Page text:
Another thing that the tayu is tasked to do is to raise the yukahon to eye level before starting to recite. Also known as the libretto, yukahon is the script and the method of recitation that is copied out by the tayu himself with the use of a calligraphy. The act of raising the yukahon before recitation is seen as showing the utmost respect to the narration techniques and the lines that were legacies of his predecessors. The narration itself can last from an hour to an hour and a half. This can be considered a feat as the tayu does not have any microphone. Hence, it is the job of the tayu to ensure that everyone in the audience is able to not just hear him but also be able to distinguish the different characters based on his voice.
On the other hand, the tayu has a partner to help set the mood of the play. This partner is the shamisen player. The task of the shamisen player is to settle the desired atmosphere of the play and to add depth to the story. Looking straight ahead, the shamisen players plays the tunes without changing his expression. The purpose of him playing the shamisen is to evoke emotions just by the tunes of the music.
As for the puppeteers, as was said, they are composed of three persons manipulating only a single puppet. The main puppeteer, known as the Omo-zukai, manipulates the right hand of the doll while trying to support its body and move its head. The left puppeteer, known as the Hidari-zukai, manipulates the left hand of the puppet with his right hand. The right puppeteer, known as the Ashi-zukai, manipulates the feet of the doll in a bent-over position. These puppeteers are trained for years just to achieve the perfect synchronization of the movements of the dolls without speaking with one another. Training may take around 10 years just to become a foot puppeteer then another 10 to become a left puppeteer.
The Different Parts of A Stage in A Bunraku Theater
When watching bunraku in a bunraku theater, it is essential to note the different sides of the stage. The right side of the stage is known as the kamite while the left side of the stage is known as the shimote. There is a small curtain known as the komaku that hangs at the left and right side of the stage. The komaku consists of a print of the crests of the two theaters from the Edo period, which began from the year 1603 and ended in the year 1868. These two theaters are the Takemoto-za and the Totake-za. It is through this small curtain that the puppets enter and exit.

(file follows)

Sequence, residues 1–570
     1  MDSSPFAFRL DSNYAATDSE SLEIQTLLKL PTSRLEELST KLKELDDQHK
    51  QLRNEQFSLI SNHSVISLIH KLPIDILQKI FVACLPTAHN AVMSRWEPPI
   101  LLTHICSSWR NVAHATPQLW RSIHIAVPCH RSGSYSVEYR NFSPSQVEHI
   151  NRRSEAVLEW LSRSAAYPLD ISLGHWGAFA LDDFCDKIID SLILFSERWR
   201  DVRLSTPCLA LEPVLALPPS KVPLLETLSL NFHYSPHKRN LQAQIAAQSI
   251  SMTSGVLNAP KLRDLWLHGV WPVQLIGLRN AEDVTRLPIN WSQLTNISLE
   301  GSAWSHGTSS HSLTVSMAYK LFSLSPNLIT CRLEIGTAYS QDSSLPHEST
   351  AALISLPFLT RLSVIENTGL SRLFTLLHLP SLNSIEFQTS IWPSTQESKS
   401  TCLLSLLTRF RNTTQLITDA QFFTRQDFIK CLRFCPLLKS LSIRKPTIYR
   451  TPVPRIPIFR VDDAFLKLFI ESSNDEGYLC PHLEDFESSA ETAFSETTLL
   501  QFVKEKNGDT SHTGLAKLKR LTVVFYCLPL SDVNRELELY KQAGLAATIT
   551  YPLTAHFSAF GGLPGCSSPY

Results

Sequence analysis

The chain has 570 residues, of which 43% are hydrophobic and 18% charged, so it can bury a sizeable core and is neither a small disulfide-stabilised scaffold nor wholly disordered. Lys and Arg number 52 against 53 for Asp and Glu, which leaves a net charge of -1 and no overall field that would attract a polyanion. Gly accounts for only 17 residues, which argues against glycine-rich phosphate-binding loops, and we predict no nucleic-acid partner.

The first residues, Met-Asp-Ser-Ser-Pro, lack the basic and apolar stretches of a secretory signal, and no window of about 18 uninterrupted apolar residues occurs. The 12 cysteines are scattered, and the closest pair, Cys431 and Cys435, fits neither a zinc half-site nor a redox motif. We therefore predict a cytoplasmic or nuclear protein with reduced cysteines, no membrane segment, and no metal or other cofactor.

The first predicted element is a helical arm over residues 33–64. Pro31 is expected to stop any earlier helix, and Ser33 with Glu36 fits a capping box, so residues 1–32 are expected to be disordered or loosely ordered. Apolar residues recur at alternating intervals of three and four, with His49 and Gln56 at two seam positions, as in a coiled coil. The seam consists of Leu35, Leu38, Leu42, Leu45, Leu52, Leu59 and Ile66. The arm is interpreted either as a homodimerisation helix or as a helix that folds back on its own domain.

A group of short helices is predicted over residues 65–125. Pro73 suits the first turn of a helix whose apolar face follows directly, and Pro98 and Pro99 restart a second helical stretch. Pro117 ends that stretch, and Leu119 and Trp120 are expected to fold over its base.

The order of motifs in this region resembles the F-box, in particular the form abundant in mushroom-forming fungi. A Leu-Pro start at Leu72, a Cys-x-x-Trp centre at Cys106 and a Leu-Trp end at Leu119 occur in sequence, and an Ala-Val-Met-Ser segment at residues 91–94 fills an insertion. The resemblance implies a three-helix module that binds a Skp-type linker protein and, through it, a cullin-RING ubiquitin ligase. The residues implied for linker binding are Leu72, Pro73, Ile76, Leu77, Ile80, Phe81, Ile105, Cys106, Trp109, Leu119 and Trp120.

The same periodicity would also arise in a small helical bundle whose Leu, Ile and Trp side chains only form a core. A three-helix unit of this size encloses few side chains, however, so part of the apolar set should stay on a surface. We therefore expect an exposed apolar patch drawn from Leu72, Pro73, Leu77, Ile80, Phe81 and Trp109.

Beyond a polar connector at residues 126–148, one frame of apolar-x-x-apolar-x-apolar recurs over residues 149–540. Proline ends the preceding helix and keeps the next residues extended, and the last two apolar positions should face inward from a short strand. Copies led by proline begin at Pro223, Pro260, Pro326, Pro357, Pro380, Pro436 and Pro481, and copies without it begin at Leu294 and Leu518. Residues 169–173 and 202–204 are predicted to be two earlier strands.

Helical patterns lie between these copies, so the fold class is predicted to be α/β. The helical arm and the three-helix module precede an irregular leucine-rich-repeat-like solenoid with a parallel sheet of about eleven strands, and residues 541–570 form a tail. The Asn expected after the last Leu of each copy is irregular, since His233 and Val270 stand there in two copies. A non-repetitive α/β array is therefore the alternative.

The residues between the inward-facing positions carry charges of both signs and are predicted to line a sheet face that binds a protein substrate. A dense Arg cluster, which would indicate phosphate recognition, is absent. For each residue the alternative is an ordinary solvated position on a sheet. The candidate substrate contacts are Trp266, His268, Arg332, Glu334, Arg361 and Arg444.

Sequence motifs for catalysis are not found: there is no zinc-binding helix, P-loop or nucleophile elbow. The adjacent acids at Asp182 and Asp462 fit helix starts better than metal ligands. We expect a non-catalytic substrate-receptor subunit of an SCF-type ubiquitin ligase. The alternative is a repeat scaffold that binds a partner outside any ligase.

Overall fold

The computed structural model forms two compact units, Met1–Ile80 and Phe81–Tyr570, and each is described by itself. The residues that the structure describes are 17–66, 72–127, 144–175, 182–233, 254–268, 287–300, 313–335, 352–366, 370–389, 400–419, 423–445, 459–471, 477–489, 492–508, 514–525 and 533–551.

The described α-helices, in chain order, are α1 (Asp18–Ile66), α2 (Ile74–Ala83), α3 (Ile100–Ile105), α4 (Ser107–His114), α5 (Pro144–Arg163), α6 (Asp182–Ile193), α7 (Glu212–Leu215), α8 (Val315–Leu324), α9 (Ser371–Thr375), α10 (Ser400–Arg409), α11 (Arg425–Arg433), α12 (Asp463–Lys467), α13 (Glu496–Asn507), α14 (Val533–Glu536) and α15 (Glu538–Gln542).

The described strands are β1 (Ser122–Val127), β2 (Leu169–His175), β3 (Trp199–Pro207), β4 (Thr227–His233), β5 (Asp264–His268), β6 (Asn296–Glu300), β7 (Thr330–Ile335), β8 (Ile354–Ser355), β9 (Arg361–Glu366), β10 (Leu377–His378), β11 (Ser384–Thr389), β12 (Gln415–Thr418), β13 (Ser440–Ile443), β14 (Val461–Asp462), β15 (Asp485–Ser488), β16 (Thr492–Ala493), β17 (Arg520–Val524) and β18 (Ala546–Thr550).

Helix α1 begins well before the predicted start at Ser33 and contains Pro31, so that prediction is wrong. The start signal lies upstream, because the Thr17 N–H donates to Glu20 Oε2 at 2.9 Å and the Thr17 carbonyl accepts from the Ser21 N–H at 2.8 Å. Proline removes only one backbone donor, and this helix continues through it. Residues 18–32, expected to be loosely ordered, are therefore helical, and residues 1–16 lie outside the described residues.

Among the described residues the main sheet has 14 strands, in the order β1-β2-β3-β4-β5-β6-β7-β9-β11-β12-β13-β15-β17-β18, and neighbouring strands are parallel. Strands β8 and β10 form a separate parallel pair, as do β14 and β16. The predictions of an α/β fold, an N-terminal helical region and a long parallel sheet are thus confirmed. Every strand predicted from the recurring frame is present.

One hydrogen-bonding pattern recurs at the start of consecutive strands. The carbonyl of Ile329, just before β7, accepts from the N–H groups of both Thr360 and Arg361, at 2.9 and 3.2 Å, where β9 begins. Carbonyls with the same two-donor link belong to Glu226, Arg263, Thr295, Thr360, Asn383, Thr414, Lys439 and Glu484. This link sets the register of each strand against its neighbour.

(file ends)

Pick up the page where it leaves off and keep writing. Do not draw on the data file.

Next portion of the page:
On the left side of the stage is the narrators’ platform known as yuka in Japanese. This is where the narrator and shamisen player sit and perform. It is a circular revolving platform called bon in Japanese, which has a screen partition in the middle. Just on top of the komaku at both the left and the right side of the stage are small rooms that are screened from the view of the audience with the help of a hanging bamboo blind. Narrators and shamisen players who are still quite new to performing are the ones usually placed in these areas.
There are also other musical artists that perform in the play. These members of the orchestra known as hayashi in Japanese use musical instruments like the drum and the flute to add intensity and effects to the music produced by the shamisen player when the scene is supposed to be lively, such as festival scenes.
Merchandise: Puppets for Sale and A Movie Called Bunraku
Due to the popularity of bunraku, it comes as no surprise that puppets have become a product to be sold by those who are fanatics of this form of entertainment. With the elaborate costumes of these dolls, they really look quite nice as either a display or a part of a collection. Also, another proof that bunraku has become known not just in Japan but also in other parts of the world, there was a film that was named after this form of entertainment. It was an official choice of the Midnight Madness portion at the 2010 Toronto International Film Festival that was held in Canada. Filming for this movie started in April of the year 2008 while a limited theatrical release was scheduled for September of the year 2011. Its production company was the Snoot Entertainment Bergman Productions Picturesque Films. A trailer for this film may be watched online for those who are interested.
For those who are interested in watching them perform, head on to the National Bunraku Theatre located in Osaka, as it is near the Nipponbashi Station under the Sennichimae and Sakaisuji Subway Lines. Another option would be the National Theatre located in Tokyo, as it is only a 5-minute walk from Hanzomon Station under the Hanzomon Subway Line or a 10-minute walk from the Nagatacho Station under the Yurakucho/ Nanboku/Hanzomon Subway Lines. Accessing these locations just to be able to enjoy this beauty of theatrical play would definitely be easy.
While this form of entertainment may not be advertised in the news or other popular social media accounts, bunraku still continues to flourish even up to this day wherein all sorts of entertainment can already be easily found and watched online. Due to its long history and authenticity in performing the art of puppeteering, the interest of many still remains to be piqued. The main point of this theatrical play is to not just showcase the beauty and art of puppeteering but also show how a centuries-old form of entertainment still exists today due to the unwavering love of the people for this art form.